Postmaster for the town of Minturn calling it a career
May 28, 2012
MINTURN, Colorado – Minturn has had a long list of postmasters since 1889 – 15 years before it became a town – but no one has held the job longer than Jim Madril.
Madril, a valley native, will retire Thursday after more than 40 years with the U.S. Postal Service. Since 1980, he’s been Minturn’s postmaster. He started with the postal service seeing an opportunity for a career with good pay and benefits and stayed because he loved the work and the people.
Like most small-town postmasters, Madril knows pretty much everyone in town and where they live. In fact, a notice went out recently to box-holders that as of June 1, they can’t expect items sent to their street addresses to end up in their mailboxes the way they often do now.
Knowing where just about everyone lives isn’t in the official small-town postmaster job description. Learning just about everything about a community’s life just sort of goes with the territory.
“People congregate here,” Madril said. “And a lot of people come in just to say hello.”
That’s what makes a small-town postmaster a unique source of information about a community and a valuable resource for everyone from residents to those just passing through.
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That hasn’t changed over the years – nor has the fact that it takes two or three days for a first-class letter to get just about anywhere in the lower 48 states – but getting the mail to and from post offices is different in many ways.
There’s the cost of a stamp, of course – it cost 8 cents to mail a letter when Madril started his Postal Service career in 1971. But Madril said technology has made it easier to find out where a particular piece of mail or package may be. That technology also has made it possible to move more mail with fewer people.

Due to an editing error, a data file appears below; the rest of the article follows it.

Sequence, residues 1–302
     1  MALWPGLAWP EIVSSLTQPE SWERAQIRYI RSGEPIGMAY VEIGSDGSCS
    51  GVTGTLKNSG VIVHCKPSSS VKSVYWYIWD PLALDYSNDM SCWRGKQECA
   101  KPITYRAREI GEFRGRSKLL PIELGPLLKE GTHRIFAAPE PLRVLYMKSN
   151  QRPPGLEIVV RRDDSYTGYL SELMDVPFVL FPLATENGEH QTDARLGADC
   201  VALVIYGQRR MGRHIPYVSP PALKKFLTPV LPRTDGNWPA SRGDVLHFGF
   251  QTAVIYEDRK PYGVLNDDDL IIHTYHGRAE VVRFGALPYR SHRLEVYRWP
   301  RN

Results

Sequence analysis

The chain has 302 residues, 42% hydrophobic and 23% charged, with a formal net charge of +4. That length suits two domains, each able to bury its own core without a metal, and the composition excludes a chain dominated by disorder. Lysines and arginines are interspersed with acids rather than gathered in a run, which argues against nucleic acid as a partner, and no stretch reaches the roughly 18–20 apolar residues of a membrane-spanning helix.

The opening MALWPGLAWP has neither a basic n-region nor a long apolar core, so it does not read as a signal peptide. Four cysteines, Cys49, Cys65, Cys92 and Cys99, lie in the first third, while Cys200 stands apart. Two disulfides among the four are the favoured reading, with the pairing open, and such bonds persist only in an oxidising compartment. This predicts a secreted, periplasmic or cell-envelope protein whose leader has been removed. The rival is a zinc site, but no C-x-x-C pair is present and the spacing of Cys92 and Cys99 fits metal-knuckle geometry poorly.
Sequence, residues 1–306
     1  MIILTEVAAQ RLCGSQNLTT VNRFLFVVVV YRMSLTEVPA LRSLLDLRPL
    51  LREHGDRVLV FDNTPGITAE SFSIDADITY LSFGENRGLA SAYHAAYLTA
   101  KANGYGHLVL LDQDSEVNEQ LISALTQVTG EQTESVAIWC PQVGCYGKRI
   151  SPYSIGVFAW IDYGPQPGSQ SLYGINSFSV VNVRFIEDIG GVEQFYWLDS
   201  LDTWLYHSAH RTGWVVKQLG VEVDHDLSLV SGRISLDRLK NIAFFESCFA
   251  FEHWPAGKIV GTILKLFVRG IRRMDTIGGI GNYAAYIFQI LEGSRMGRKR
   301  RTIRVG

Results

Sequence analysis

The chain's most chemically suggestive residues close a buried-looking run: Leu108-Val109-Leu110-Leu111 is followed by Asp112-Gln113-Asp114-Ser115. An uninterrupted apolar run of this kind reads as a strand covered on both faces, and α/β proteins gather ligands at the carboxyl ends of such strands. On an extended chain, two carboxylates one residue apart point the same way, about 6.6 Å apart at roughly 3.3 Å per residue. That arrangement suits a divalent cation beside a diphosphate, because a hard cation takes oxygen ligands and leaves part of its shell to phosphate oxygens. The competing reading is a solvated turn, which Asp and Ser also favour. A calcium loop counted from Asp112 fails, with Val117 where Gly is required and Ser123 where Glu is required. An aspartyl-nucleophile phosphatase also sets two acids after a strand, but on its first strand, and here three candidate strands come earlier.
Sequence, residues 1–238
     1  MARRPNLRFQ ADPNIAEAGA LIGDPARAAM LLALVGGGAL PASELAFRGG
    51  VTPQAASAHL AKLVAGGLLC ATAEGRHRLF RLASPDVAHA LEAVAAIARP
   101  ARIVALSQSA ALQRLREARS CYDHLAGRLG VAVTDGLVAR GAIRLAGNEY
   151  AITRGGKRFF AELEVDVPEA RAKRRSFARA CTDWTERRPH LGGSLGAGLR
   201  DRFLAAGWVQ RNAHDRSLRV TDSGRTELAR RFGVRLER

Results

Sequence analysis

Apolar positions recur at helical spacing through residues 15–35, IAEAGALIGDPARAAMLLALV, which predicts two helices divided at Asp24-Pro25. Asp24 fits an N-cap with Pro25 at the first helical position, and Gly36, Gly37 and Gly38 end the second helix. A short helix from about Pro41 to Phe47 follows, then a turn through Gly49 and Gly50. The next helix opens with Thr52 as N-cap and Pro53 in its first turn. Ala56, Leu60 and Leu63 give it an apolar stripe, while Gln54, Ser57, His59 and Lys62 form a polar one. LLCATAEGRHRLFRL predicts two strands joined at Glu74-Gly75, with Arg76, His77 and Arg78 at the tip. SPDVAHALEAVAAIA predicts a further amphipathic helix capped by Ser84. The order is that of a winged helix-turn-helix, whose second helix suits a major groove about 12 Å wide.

Minturn’s post office at one time had a postmaster and a couple of employees. These days, Madril handles the work himself, six days a week.
While the Postal Service has changed, some of the biggest changes in Madril’s career have come in Minturn itself. Many of the buildings look different, of course, but the town’s population has changed over the years.
“There’s a lot of younger folks here today,” Madril said. “A lot of the older people have moved on.”
But Madril keeps up with the changes and still enjoys the job and the people. And while the Postal Service is currently in a financial bind, Madril believes the organization will find a way to put its troubles behind it.
That’s going to be someone else’s problem as of June 1, although it will be a while before the town has another postmaster.
Postal Service spokesman David Rupert said Minturn’s post office will be run by an interim person for a while. But since the service is now offering early-retirement packages to 21,000 postmasters around the country, Rupert said that process will have to play out before a permanent replacement is found for Minturn.
While all that goes on, Madril said he plans to stay in Minturn. Once he finishes a good-sized to-do list at his home, he will make longer-term plans.
Madril’s ready to retire. But he’ll miss the people he sees every day.
“I’ve enjoyed working for the community,” he said. “I’ve always treated customers with dignity and respect – the way I’ve wanted to be treated. … It’s been a great pleasure working with the residents here.”
Business Editor Scott N. Miller can be reached at 970-748-2930 or email@example.com.